7.5. American Trial Courts and the Principle of Orality

Lore Rutz-Burri

At trial, the state will present evidence showing facts demonstrating that the defendant committed the crime.  The defendant may also present facts that show he or she did not commit the crime. The principle of orality requires that the trier of fact (generally the jury, but the judge when the defendant waives a jury trial) consider only the evidence that was developed, presented, and received into the record during the trial. As such, jurors should only make their decision based upon the testimony they heard at trial in addition to the documents and physical evidence introduced and admitted by the court. The principle of orality would be violated if, for example, during deliberations, the jury searched the Internet to find information on the defendant or witnesses. Similarly, if the police question the defendant and write a report, the jury cannot consider the contents of the report unless it has been offered in a way that complies with the rules of evidence and the court has received it during the trial. The principle of orality distinguishes the functions of a trial court, developing the evidence, and the function of the appellate courts, reviewing the record for legal error.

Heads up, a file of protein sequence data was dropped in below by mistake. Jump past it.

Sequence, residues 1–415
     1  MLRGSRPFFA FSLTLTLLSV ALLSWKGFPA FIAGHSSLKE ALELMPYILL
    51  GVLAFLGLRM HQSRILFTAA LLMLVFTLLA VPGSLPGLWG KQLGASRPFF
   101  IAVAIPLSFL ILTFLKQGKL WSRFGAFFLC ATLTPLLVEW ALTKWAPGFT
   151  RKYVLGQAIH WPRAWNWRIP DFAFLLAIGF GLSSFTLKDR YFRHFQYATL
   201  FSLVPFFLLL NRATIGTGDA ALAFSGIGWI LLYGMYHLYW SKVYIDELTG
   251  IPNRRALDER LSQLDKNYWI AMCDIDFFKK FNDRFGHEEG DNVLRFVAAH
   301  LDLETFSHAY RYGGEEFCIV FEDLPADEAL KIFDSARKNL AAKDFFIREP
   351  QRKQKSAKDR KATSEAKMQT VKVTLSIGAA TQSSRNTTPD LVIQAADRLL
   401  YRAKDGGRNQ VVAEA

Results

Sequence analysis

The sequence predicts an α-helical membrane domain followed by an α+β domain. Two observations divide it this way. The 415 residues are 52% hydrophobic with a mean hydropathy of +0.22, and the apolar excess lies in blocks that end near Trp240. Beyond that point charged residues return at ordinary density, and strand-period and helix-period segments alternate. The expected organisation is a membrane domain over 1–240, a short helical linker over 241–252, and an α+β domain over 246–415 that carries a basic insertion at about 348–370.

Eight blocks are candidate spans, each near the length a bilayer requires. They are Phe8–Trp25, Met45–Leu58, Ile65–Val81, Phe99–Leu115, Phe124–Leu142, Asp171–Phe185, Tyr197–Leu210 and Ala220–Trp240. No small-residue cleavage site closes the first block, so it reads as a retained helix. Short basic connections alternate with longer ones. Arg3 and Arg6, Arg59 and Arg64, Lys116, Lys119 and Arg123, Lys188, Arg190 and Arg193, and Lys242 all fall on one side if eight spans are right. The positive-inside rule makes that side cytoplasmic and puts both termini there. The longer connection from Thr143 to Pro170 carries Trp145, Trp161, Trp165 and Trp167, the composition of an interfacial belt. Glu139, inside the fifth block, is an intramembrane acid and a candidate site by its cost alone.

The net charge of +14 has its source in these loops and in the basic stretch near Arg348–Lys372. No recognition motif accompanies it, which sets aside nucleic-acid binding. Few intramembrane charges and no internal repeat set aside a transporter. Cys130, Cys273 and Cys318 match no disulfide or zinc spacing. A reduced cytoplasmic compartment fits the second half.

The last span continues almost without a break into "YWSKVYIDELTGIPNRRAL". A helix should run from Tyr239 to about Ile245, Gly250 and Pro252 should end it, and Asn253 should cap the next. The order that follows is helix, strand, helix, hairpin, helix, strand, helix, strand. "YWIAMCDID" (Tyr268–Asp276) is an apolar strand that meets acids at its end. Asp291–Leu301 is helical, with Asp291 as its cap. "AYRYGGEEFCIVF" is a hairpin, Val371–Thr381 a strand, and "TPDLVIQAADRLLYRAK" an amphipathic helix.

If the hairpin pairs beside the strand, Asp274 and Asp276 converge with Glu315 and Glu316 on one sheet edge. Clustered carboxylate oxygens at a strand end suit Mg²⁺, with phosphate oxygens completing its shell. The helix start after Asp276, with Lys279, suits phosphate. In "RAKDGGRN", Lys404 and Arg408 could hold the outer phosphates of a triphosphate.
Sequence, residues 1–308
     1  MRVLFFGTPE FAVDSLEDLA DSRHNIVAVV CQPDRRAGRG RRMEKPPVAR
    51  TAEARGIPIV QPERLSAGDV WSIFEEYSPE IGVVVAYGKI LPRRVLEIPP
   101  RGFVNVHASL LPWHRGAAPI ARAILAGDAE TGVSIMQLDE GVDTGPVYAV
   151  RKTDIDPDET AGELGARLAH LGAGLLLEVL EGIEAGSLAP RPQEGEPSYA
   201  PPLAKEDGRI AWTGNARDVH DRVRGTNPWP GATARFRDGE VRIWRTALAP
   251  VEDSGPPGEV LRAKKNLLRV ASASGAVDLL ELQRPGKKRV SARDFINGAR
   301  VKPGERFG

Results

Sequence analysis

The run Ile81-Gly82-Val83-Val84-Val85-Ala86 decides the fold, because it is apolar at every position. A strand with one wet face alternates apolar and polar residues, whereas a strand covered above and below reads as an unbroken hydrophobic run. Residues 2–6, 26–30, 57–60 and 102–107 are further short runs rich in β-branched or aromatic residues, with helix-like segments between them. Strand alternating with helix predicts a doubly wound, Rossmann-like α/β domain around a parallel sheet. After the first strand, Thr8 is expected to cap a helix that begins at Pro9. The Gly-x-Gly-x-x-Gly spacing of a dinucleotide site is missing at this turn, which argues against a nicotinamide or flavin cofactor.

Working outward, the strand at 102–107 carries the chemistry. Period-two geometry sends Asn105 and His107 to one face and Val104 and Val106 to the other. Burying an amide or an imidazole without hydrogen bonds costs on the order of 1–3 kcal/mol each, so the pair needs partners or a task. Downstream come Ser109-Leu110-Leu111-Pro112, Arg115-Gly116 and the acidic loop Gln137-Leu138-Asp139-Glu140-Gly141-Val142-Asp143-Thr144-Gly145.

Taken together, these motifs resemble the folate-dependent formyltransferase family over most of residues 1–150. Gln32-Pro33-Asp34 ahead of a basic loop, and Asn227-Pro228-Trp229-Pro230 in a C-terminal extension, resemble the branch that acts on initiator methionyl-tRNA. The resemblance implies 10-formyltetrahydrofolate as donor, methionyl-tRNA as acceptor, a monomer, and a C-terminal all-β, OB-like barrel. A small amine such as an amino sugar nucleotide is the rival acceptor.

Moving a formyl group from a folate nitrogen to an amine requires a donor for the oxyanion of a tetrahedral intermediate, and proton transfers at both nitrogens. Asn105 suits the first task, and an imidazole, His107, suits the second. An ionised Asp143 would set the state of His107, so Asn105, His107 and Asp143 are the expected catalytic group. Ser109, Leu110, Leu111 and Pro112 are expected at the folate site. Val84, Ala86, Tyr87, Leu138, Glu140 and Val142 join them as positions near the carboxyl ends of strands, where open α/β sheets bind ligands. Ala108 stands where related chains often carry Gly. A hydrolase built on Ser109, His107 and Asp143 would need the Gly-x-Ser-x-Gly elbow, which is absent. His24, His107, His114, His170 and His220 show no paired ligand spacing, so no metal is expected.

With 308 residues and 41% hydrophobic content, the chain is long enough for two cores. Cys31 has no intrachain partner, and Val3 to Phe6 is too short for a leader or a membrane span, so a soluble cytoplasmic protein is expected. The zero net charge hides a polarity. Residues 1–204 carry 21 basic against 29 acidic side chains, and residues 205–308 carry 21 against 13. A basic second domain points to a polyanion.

The principle of orality is one major difference between the adversarial system generally followed by the United States and the inquisitorial system generally followed in most other countries. Frequently in civil law countries (for example, most European nations), the police, prosecutors, or investigating magistrates question witnesses prior to trial and write summaries of their statements called a dossier. In determining guilt, the trier of fact is presented with just the summaries of the witness statements. The trial in civil law countries is less about the presentation of evidence establishing the defendant’s guilt and more about the defendant’s presentation of mitigation evidence which assists the court in giving an appropriate sentence, or sanction.